Drug-induced liver disease is a common clinical problem. Although adverse reactions appear rare, occurring in 1:10,000 to 1:100,000 individuals exposed to a given drug (1), incidence figures in a study from France for all types of hepatic drug reactions were 13.9G2.4 per 100,000, with 12% being hospitalized and 6% dying from the adverse reaction. The author believes that this is an underestimate of the true incidence of drug-induced liver disease (2). Similarly, in a report from the United States, the medical records of an HMO were examined for elevated liver tests. They found an incidence of 40.6 cases per 100,000 for drug-associated liver test abnormalities when compared with an incidence of 15.4 per 100,000 for alcohol as a cause of the elevated liver tests (3). Adverse hepatic drug reactions are common in the outpatient setting as well. In one report, 84% of adverse hepatic drug reactions occurred in outpatients (2). Identification of hepatotoxic drug reactions in the outpatient setting is difficult as multiple healthcare providers may prescribe medications for a given patient and if the reaction is delayed, as with clavulanic acid-containing drugs, cause and effect may be difficult to establish. In addition, the spontaneous reporting of adverse drug reactions is more likely to occur with hospital-based physicians than with nonhospital-based physicians, leading to an underestimate of the frequency of drug-induced hepatotoxicity in outpatients (4). Thus, the clinician is likely to see a number of patients with drug-induced liver injury during the course of their practice and the management of these patients will be a common issue. This chapter will focus on how to manage the patient with drug-induced liver injury. A brief discussion of how the diagnosis is established is followed by a discussion of whether or not discontinuation of the offending medication is required and whether a rechallenge or use of a medication of the same class is safe. Treatment of complications of the adverse reactions will also be discussed and, lastly, the criteria for referral to a liver transplant center will be reviewed. Although the author will attempt to use data from studies to support most of the recommendations provided in this chapter, on occasion the recommendations will be based on the author’s experience in managing these types of patients.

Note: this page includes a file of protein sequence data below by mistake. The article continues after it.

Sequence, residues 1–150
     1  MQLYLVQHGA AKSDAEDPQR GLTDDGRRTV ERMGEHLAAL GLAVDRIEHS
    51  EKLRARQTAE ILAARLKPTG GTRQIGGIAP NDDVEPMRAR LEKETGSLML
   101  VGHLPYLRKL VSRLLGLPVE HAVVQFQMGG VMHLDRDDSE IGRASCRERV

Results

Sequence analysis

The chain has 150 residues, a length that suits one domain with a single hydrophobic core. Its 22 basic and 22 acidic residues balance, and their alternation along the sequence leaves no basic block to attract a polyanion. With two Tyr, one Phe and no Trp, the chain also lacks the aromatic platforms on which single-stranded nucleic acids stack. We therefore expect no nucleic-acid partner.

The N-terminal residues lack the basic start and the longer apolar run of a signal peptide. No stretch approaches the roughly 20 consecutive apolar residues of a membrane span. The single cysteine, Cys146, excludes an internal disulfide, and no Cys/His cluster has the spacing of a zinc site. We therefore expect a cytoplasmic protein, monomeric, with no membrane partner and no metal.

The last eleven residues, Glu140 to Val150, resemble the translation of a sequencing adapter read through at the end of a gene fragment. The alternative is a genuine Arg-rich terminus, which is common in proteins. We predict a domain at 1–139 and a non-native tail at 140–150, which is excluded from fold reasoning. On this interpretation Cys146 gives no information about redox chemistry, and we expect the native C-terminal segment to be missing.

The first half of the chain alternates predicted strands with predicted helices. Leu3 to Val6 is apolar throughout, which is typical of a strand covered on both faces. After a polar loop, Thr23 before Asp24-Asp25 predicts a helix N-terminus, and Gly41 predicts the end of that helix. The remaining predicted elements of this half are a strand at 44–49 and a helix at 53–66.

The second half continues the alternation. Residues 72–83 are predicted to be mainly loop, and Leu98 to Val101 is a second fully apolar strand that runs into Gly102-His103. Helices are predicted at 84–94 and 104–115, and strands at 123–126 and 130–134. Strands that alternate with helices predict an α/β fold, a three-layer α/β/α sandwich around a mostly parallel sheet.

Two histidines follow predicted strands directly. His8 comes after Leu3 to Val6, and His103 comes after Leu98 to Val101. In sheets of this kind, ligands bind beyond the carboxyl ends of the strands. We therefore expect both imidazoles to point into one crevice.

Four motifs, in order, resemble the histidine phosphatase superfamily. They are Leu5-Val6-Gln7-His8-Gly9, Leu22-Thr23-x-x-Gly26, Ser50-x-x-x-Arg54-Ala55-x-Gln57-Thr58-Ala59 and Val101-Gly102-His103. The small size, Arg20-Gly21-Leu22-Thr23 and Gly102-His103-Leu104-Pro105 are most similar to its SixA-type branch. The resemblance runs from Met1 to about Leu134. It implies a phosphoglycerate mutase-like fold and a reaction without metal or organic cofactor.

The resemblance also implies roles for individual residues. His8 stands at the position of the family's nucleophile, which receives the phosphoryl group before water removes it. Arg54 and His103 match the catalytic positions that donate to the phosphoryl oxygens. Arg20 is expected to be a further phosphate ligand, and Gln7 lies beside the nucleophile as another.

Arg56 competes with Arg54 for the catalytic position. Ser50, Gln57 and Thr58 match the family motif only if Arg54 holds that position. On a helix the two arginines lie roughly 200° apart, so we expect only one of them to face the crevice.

|Original language||English (US)|
|Title of host publication||Drug-Induced Liver Disease, Second Edition|
|Number of pages||8|
|State||Published - Jan 1 2007|
ASJC Scopus subject areas
- Pharmacology, Toxicology and Pharmaceutics(all)